What is That Little Hole At The Bottom of a Padlock For?

A padlock is a common object with a very important use. They are used by people for gates, toolboxes, bicycle storage, and outdoor sheds. They are made to resist cuts and other attempts to harm them from the environment. They do, however, contain a hidden feature—a little hole on the bottom—that has a very important function.


Fulfilling a Crucial Role “Image Source: Ray Shrewsberry | Pixabay”

A padlock locking a wooden gate.

One surefire method to prevent your possessions from being stolen is to use a padlock. They’re a metal tool that’s little but powerful. Padlocks are therefore vulnerable to corrosion due to weather extremes and water damage. Luckily, water can escape through a little secret hole built into the bottom of them. This keeps the padlock from rusting and increases its useful life.


A substitute for the padlock hole. Photo courtesy of Master Lock

Although the tiny hole feature of the padlock was originally groundbreaking, there are also padlocks that are waterproof available. This design guarantees that a padlock will consistently keep your possessions safe throughout the entire year.

An Additional Rationale for the Padlock Design

Padlocks on a gate.

The little hole on the bottom of a padlock has a purpose beyond just keeping it from rusting. Even with the right code or key, there are situations where the padlock becomes stuck or impossible to open. Therefore, to facilitate the padlock’s opening, a synthetic lubricant can be applied to the hole.

Other Commonplace Items With “Hidden Features”

woman looking at phone in surprise
Image Credit: Shutterstock

Padlocks aren’t the only thing that has been designed with secret or hidden features. Here are a few other handy items that serve multiple purposes.

Screwdrivers as Wrenches

A screwdriver inside of a wrench. Car engine in the background.

Not everything that has been created with secret or hidden characteristics is a padlock. These are some additional useful multipurpose products.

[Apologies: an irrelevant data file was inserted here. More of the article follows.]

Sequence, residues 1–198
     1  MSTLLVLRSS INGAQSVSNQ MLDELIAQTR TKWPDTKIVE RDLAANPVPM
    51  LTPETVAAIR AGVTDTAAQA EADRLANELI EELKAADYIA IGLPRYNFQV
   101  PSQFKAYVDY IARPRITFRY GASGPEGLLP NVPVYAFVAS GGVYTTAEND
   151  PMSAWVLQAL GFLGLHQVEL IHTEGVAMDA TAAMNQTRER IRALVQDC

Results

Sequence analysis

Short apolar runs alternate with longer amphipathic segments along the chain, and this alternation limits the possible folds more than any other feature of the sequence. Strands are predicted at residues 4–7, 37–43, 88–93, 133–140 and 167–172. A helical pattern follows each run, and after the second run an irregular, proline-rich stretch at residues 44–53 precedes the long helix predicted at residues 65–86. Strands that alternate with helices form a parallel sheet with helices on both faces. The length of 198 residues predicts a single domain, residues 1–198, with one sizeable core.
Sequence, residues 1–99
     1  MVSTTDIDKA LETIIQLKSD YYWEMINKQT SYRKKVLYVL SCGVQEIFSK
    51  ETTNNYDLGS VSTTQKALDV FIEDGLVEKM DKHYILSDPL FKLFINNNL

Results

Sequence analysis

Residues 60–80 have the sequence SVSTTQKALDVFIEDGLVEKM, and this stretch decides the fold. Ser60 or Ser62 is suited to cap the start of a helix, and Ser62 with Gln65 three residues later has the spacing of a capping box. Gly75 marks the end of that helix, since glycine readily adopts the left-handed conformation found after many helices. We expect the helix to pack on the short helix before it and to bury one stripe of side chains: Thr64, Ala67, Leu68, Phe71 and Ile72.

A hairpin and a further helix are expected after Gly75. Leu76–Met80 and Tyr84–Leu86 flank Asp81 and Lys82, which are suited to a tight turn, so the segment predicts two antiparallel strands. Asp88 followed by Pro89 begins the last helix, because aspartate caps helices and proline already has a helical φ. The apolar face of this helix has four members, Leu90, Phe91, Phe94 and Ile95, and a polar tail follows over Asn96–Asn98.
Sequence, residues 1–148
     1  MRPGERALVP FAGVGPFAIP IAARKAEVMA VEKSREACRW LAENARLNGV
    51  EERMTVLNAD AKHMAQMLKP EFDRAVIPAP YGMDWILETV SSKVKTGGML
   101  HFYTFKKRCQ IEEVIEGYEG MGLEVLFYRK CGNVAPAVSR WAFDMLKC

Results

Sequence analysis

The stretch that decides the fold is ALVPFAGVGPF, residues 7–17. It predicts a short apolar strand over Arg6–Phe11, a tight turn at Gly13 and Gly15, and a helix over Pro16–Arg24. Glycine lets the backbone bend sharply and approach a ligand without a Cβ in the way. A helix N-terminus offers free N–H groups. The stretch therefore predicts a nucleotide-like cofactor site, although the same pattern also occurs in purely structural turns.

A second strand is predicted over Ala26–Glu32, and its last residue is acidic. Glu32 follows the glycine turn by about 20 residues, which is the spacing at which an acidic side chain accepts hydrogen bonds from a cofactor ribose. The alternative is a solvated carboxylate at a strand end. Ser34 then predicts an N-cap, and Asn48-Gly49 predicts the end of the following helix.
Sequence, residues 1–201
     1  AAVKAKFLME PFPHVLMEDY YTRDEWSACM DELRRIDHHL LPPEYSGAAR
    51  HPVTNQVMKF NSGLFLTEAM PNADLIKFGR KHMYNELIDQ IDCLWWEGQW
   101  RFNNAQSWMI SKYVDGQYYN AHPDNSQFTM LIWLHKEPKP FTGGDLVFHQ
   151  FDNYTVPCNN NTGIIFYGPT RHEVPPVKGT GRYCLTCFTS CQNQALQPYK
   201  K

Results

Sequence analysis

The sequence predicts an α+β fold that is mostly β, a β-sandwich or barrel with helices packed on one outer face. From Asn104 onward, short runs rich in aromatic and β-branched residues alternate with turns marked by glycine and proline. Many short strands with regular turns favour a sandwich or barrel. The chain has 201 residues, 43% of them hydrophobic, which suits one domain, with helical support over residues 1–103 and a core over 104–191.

Using screwdrivers as wrenches

Color swatches and buttons against a white background.

Auto repair knowledge is a useful talent, particularly in light of the growing number of automobiles on the road. However, the majority of mechanics concur that maintaining the microscopic spaces and crevices in cars can make working on them difficult. Thankfully, most screwdrivers can be made smaller by sliding them inside a wrench.


Brass padlock.

A color swatch was once included with clothing. Few people understand why, yet some still do, depending on their materials and quality. There are several causes. Initially, when garments are torn or damaged, these swatches facilitate the process of color-matching materials or threads. These color swatches can also be used to see how specific materials, such laundry soap, will affect the color of the item. Those tiny swatches are essentially a test piece of fabric that matches the ensemble, allowing the customer to know how to take care of their clothes.

Because of its antimicrobial properties, brass is a common metal for doorknobs, stair railings, padlocks, and other items that people frequently come into contact with.

Many times, people forget which side of their car the gas tank is located on. Fortunately, automakers have taken that into consideration and included a reminder sign. The indicator usually has a triangle shape, is located close to your gas gauge, and indicates the right side.

A Logo Serves Two Purposes


A ketchup bottle on its side. White background.

The Heinz 57 label can be found on a variety of sauces, such as steak sauce and ketchup, but it serves more purposes than just emphasizing the logo. Surprisingly, it also acts as a point of reference for where to tap the bottle to make sure the sauce flows freely.

Padlocks and the other items on the above list are only a couple of the many amazing inventions and designs that have been made to make life more simple and easy.

A padlock locking a wooden gate.
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